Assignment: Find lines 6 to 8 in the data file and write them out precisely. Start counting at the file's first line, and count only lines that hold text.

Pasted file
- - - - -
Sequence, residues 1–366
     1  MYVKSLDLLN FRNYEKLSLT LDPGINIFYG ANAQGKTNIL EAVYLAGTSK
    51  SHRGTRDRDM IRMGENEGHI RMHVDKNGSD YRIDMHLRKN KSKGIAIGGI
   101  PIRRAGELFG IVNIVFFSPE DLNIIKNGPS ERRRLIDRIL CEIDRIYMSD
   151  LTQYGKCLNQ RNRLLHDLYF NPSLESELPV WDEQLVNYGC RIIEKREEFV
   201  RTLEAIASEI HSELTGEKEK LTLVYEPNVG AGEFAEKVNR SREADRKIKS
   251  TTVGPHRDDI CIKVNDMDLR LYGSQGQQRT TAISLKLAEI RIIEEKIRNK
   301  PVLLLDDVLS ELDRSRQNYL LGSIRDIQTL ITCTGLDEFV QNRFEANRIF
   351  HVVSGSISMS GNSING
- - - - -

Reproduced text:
   201  RTLEAIASEI HSELTGEKEK LTLVYEPNVG AGEFAEKVNR SREADRKIKS
   251  TTVGPHRDDI CIKVNDMDLR LYGSQGQQRT TAISLKLAEI RIIEEKIRNK
   301  PVLLLDDVLS ELDRSRQNYL LGSIRDIQTL ITCTGLDEFV QNRFEANRIF